My second idea complements the suggestion that payments should be related to expected entitlement. Redundancy pay should be linked more closely to length of service. The current approach of paying more for years served by older workers is a nod in that direction, but in other countries and parts of the private sector, it is a clear principle that long service should be rewarded. A statutory formula based on length of service is used in Austria, Portugal and Spain; in France, the Netherlands and Germany, social compacts agree payment, and length of service comes into play. The Library reports that, in the private sector, companies as diverse as Lloyds TSB, Johnson Wax and Matushita (UK) relate redundancy payments to length of service. Ideally, those two elements of graduationrelating payments to entitlement and to length of servicecould be combined. For example, those with 20 years' service could be guaranteed 50 per cent. of their contractual entitlement; those with 10 years' service 30 per cent., and so on.
Obviously, those ideas need work. I do not expect the Minister to announce today that he has turned Government policy on its head. However, I am hoping for a commitment from the Government to consider the principles underlying a revised scheme, to accept that more work is needed on the subject and a willingness to work with all interested parties for reform. The matter may not be front-page news and may not affect the majority of people. However, I believe that British people have a strong sense of fair play. The scheme currently goes against fair play and should, therefore, be reviewed and reformed.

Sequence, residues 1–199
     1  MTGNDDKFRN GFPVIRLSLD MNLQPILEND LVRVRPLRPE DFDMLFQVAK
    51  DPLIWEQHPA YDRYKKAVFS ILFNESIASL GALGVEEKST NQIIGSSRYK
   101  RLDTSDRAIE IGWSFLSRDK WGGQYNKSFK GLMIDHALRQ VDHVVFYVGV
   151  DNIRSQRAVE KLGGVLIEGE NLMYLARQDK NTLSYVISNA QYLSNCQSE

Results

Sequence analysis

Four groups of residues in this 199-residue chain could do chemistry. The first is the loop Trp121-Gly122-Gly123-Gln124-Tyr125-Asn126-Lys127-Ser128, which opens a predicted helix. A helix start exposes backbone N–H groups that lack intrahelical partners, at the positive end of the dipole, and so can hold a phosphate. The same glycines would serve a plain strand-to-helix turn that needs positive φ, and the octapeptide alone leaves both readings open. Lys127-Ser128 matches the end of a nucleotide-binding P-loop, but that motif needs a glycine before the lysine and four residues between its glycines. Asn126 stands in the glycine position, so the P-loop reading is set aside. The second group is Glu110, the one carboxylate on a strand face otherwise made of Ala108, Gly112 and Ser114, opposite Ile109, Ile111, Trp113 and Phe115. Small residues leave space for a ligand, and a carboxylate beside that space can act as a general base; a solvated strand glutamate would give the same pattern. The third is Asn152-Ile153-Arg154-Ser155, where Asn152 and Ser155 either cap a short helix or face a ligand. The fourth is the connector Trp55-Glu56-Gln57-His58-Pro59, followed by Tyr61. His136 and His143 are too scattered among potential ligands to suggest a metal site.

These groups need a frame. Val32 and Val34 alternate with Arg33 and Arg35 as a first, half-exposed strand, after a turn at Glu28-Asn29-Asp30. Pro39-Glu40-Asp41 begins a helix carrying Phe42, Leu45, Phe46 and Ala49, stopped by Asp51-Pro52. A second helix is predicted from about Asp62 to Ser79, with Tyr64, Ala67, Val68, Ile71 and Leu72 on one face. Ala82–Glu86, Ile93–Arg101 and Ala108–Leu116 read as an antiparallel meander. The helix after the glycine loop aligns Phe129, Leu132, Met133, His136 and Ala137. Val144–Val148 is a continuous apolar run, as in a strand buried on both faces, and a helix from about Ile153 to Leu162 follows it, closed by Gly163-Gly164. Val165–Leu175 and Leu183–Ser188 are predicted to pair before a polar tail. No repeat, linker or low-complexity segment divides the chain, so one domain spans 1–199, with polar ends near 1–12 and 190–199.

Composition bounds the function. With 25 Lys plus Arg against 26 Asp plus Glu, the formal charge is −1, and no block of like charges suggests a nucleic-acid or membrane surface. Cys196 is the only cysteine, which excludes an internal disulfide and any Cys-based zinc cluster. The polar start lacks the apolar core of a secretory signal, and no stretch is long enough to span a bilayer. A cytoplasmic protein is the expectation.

The tragedy in my constituents' case is that a change in the law would not help them. Former ViaSystems workers realise that it would not change the position. However, they believe that others should be protected in future, and that is why they came to London to present a petition to the Prime Minister two weeks ago.
The Parliamentary Under-Secretary of State for Trade and Industry (Nigel Griffiths) : I congratulate my hon. Friend the Member for South Shields (Mr. Miliband) on securing a debate on this important subject and for his efforts in pursuing the interests of his constituents who were formerly employed by ViaSystems Tyneside Ltd. I add my voice to that of my hon. Friend the Member for Jarrow (Mr. Hepburn) and congratulate my hon. Friend the Member for South Shields on his vital role in securing the management buyout of the south Tyneside plant by Circatex Ltd., which meant the continued employment of hundreds of his constituents. For that he deserves the highest praise.